There’s a lot of sniping going on across genders in our field. Vitriolic sniping. Shame on us.
Yes, science fiction is largely male dominated. So are a lot of fields. I know. My day job is in technology, where I’m a c-level exec. It wasn’t necessarily easy to get here even though I live in the liberal bubble of the West Coast where it’s easier than it is in a lot of places. I’ve been living this conversation my whole life across multiple fields of endeavor. Yes, it sucks. Yes, it needs to stop. But sniping isn’t the answer. Mind you, I’d be fine with sniping if it worked. It’s kind of fun. But as far as I can tell, it’s not effective.
Yes, there are truly evil men out there in the midst of the current social fights, like whoever issued the death threats to women writing about feminism in the game world. This is not an article about how to deal with them. Jail time would be a great start. Continue reading →
My Superpower is a regular guest column on the Skiffy and Fanty blog where authors and creators tell us about one weird skill, neat trick, highly specialized cybernetic upgrade, or other superpower they have, and how it helped (or hindered!) their creative process as they built their project. Today we welcome Carrie Patel to talk about how the power of making lists relates to The Buried Life.
Once upon a time, I had the uncanny ability to down lots of mimosas without suffering any ill effects afterwards. I’d tell you my record, but my mother will probably read this.
However, as I creep closer to thirty, I’ve traded in some of my youthful superpowers (infinite mimosas, staying up for two days in a row) for more grown-up abilities. Continue reading →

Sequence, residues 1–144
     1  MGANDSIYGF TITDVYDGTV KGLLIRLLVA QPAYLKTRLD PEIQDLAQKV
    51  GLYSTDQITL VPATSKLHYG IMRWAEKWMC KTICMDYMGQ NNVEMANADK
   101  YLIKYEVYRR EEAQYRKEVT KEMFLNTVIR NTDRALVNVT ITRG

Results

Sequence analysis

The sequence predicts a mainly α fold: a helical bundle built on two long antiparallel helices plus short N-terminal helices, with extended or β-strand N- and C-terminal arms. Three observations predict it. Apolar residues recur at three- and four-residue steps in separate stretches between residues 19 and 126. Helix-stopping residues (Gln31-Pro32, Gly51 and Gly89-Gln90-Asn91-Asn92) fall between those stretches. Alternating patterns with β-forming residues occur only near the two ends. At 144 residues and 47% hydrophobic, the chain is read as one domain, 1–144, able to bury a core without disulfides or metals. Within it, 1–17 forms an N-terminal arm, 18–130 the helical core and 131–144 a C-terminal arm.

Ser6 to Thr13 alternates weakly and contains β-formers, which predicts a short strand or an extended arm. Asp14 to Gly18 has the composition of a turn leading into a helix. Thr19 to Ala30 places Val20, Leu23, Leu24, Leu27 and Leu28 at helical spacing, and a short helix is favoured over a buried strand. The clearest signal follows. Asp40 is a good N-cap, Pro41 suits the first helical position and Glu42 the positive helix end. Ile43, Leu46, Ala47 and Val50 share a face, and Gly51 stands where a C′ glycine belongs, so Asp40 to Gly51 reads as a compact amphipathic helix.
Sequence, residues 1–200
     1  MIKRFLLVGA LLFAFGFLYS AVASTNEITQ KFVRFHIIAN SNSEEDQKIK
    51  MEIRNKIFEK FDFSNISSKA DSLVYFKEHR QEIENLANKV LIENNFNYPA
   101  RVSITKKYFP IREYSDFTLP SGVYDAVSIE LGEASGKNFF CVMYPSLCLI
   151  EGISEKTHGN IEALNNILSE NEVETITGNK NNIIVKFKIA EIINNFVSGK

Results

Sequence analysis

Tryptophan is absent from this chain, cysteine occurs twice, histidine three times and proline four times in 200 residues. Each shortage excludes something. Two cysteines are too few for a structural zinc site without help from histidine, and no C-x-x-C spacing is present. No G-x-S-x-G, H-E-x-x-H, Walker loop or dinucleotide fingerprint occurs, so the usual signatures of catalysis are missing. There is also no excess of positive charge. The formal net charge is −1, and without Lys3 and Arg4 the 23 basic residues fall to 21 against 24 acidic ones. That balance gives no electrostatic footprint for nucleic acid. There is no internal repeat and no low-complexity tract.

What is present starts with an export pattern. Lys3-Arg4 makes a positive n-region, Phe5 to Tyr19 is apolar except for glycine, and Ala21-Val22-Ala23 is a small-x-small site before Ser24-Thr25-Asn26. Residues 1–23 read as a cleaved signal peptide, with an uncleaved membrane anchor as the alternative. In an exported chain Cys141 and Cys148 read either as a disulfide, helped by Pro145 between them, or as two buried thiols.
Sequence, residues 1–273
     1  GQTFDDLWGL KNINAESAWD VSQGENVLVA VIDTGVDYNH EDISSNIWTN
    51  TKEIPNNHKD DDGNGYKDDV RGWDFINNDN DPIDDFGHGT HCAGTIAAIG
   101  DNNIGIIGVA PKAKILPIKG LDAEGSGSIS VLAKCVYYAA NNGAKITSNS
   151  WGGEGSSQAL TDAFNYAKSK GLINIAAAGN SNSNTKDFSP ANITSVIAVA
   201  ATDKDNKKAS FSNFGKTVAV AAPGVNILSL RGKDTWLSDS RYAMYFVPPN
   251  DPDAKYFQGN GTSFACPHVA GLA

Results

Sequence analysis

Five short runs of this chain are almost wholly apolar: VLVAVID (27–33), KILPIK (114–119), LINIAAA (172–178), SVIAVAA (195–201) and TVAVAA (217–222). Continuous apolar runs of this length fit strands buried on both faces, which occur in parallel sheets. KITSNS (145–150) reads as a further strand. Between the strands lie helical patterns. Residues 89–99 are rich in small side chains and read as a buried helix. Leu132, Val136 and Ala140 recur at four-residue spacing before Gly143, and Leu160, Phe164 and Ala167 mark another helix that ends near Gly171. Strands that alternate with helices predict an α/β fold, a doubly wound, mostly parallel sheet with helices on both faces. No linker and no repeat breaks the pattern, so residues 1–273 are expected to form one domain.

Left over to review as part of last year’s World Tour of SFF, Use Only As Directed fits just as nicely into the Women and Non-Binary in SFF theme for Skiffy & Fanty this year. The latest anthology from Peggy Bright Books, edited by Simon Petrie and Edwina Harvey, Use Only As Directed features Australian and New Zealand authors – of whom over 50% are female – crafting short stories around the titular phrase that one commonly reads on instructions for everything from medicine to the latest gadget.
The anthology’s predominant characteristic is its well-balanced diversity in authors and styles, with an array of female, male, and nonhuman characters and a range across genres from horror to fantasy to science fiction. Author nationality and the unifying theme bring the major constants — though given the Australian/New Zealand focus, racial diversity is not really present here. Continue reading →
February’s shorts include emotionally resonant stories about family and friendship and trippy genre-benders.
“The Language of Knives” by Haralambi Markov (Tor.com) is a secondary world fantasy in which the main character has given up the life of a warrior and chosen to prepare the dead; when he must perform this task for his husband, he mourns not only his lover but also substantially lesser status in the eyes of his daughter. Parents having favorites amongst their children is very much part of our cultural milieu, but not so frequently presented is the reverse, and this is a rendering of complex emotions that feels very true. Gwendolyn Clare’s “Indelible” (Clarkesworld #101) is another such resonant tale of grief, following the loss of one’s sister in a science fictional far future in which aliens are characterized by their physical malleability. Continue reading →
Zombie soldiers, evil spirits, and body farms, oh my! Myke Cole returns to the show to talk about his fourth novel, Gemini Cell. We talk to him about some of his writing “firsts” (standalone novels, sex scenes from different POVs, etc.), the inner conflicts of his new characters, military life, and so much more.
We hope you enjoy the episode!
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